Ride and Fly

June 21, 2017 at 14:00 | Posted in bicycles | 1 Comment
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You may remember some time ago I impulse purchased a luggage trailer. My initial review was not 100% favourable, and to be honest since then it’s pretty much stayed in the garage unused.

However, the other day I had to go away on business, and the mid-morning flight timing seemed to suit cycling to the airport, plus the trip was going to need checked-in luggage, so I decided to bite the bullet and ride to the international terminal.

I duly dusted off the trailer, packed it pretty full and set off.

The first thing I noted was when I packed. The internal dimensions of the bag are not as large as the external size would suggest, and the zipper opening only allows you to open just over half of it. So it’s not that easy to pack. If also means the most easily accessible and largest part of the bag is the bit at the top, so this bit tends to end up packed more tightly that the bottom bit. This means the weight is distributed towards the top, which exacerbates the somewhat unstable nature of the trailer. More on this later…

Anyway, I coupled it up to the fixie, kissed everyone goodbye and set off. My family waved me off at the doorstep and then went inside as I pulled away. This was lucky, as had they remained a moment longer they would have witnessed me falling off as I turned out of the drive, sprawling unceremoniously on the road. Why? Well, the nature of the coupling means you can’t take a sharp right hand turn, as the back wheel jams up against the tow arm. It’s not an issue in normal riding, but low-speed manoeuvring  carries this risk. Perhaps this is true of all trailers, I’m not sure, but it certainly wasn’t a very auspicious start.

I dusted myself off, and tried again. From there on it went fairly smoothly, although I did still have this background concern about the trailer stability. Riding in traffic on pot-holed roads is a little hair-raising, as I was conscious that if the trailer hit a pothole it might turn over, pulling the bike out of line. That didn’t happen, but I did experience a couple of issues with trailer stability; it tipped over a couple of times when I had to negotiate curbs or tight corners. I could see them coming, and had for the most part stopped beforehand to push the bike around, but it does underline the problem. This thing is easy to tip up.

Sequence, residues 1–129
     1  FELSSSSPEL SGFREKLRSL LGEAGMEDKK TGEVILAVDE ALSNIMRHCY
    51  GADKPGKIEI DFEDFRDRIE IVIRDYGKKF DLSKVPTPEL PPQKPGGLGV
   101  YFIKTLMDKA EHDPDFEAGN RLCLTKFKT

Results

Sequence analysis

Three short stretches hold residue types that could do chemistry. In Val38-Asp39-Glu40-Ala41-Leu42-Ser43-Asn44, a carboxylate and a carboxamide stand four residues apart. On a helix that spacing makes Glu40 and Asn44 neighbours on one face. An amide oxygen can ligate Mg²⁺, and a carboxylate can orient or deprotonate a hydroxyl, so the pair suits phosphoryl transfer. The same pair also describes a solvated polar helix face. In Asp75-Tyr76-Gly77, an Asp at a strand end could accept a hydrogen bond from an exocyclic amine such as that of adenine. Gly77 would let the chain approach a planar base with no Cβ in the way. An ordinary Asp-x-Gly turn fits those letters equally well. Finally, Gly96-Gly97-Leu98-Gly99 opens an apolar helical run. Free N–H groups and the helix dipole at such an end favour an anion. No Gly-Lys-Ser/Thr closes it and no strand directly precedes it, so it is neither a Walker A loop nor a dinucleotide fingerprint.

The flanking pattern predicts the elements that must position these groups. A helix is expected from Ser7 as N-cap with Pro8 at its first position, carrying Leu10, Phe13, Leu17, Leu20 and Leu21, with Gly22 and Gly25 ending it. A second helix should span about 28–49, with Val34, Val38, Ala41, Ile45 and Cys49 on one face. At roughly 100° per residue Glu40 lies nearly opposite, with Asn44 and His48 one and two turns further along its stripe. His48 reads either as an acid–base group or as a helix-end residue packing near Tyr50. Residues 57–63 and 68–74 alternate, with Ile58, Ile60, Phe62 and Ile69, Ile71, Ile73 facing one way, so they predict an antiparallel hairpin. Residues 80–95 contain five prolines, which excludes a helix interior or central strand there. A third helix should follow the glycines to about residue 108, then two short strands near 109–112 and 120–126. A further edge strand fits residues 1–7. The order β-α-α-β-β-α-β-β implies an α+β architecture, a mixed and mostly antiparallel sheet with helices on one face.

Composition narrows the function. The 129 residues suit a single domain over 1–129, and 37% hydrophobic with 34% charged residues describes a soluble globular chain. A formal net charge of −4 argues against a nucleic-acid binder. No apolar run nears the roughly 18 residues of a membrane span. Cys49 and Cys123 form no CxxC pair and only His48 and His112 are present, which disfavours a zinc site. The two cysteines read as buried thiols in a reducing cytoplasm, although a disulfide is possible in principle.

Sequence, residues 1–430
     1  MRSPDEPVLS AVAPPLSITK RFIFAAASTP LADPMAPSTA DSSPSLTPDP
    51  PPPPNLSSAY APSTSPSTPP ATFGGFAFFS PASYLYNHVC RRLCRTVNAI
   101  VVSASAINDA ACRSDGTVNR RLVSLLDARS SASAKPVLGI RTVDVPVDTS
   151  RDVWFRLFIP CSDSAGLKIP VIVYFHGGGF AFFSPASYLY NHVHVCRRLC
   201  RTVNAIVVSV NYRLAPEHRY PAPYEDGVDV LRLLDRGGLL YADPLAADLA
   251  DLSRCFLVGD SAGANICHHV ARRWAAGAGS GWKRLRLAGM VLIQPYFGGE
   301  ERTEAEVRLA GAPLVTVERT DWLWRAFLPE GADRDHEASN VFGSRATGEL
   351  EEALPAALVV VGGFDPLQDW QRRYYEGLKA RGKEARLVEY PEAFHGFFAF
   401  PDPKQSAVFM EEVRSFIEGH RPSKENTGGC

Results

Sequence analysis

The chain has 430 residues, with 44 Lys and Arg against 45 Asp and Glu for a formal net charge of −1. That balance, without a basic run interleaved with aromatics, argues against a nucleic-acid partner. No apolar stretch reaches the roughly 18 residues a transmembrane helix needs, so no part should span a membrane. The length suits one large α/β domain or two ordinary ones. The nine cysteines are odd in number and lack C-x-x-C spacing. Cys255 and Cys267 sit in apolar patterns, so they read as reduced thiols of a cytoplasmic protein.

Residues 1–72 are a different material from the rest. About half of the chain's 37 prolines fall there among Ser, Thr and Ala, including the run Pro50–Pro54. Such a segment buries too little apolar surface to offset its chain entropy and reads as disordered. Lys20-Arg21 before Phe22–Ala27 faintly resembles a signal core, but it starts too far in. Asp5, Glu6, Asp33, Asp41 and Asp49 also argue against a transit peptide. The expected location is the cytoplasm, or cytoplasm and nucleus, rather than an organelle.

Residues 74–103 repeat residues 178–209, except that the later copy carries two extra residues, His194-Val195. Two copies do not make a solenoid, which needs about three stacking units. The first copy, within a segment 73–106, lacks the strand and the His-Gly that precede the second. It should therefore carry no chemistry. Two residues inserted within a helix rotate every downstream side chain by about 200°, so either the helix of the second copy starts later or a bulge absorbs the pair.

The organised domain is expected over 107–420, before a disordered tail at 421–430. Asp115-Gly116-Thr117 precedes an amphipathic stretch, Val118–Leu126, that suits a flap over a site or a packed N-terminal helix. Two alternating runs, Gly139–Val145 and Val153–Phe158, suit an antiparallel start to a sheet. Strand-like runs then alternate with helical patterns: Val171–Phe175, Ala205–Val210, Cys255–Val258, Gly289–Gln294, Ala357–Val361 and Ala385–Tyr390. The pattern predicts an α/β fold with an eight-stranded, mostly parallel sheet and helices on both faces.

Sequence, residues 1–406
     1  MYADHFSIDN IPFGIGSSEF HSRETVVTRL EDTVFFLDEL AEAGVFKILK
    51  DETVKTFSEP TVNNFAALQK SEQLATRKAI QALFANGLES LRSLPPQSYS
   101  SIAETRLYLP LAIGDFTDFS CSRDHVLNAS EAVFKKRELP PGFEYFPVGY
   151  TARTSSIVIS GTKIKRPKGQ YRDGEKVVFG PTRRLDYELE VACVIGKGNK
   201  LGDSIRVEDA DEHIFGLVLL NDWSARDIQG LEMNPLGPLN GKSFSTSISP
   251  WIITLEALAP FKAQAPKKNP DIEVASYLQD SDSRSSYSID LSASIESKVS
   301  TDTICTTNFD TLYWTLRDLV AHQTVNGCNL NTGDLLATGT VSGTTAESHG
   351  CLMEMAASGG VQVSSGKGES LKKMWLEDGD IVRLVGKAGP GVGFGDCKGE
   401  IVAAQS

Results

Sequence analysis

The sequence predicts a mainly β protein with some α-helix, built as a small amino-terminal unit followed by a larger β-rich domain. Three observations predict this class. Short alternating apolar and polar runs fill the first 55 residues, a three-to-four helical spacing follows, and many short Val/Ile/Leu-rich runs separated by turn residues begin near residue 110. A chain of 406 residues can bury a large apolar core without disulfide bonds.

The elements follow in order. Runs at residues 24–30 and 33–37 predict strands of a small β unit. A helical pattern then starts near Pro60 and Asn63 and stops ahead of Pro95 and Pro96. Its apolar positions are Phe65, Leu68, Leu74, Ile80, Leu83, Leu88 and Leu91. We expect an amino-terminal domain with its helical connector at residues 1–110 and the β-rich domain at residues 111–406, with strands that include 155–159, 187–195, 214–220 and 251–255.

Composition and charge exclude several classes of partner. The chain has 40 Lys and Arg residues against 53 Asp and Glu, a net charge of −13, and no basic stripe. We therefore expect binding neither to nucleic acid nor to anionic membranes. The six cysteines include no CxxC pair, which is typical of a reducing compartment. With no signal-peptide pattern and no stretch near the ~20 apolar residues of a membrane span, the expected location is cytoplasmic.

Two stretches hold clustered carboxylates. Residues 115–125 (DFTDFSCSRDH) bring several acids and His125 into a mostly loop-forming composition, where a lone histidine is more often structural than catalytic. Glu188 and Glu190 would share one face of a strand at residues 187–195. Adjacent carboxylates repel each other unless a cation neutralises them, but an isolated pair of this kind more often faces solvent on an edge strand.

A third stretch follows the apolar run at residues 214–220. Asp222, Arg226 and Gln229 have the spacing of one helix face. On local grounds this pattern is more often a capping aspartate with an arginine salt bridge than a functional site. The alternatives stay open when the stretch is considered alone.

However, leaving the shortcomings of the trailer aside, riding to the airport is great. Bike access to the airport is fairly straightforward (even if the shared path is rather narrow and directly adjacent to fast-moving traffic), and you can lock up your bike for free right outside the arrivals area. Given the utter rort on transport options to the airport, this is a rare bargain and by itself makes cycling worthwhile. There are free showers in the departures area too, so I was able to have a shower and change before I checked in for my flight. And when I got home there was no waiting about; I walked out of the terminal, grabbed my bike and set off.

The other thing I hadn’t properly appreciated is how close the airport is to where I live. Even (cautiously) pulling a trailer and having to navigate an unfamiliar route, I got there as fast as I’ve ever got there by taxi. Wow. Eleven kilometres. That’s nothing. It’s an interesting thing; my non-cycling friends consistently over-estimate distances based on driving times. It seems utterly unlikely that a journey that takes over an hour by car is less than 15km, but often that’s the case in Sydney (and pretty much universally true at peak time). Seems I had fallen for the same fallacy with regards to the airport. It’s actually right on my doorstep.

I am ashamed of myself for not doing this before. From here on, I will mostly ride, I think. I might not use the trailer much, given its poor design, but I can certainly see me strapping my bag to the back of the Radish and riding there on that. Too easy.

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1 Comment »

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  1. Nice to see this [mostly] positive review. I fully support bike to airport options. It’s very common for drivers to assume biking will be slower, when oftentimes it’s not.
    As a seasoned trailer hauling cyclist I can offer some experience. The hitcharm issue is a regular thing. Unless using a ‘bob’ trailer (hinge behind rear wheel) one learns over time to make sharp turns to the left and not the right. One also learns to avoid going over curbs when possible and that turns need to be wider. I have a trailer that’s 1m wide x 2m long and have to plan routes to suite that.


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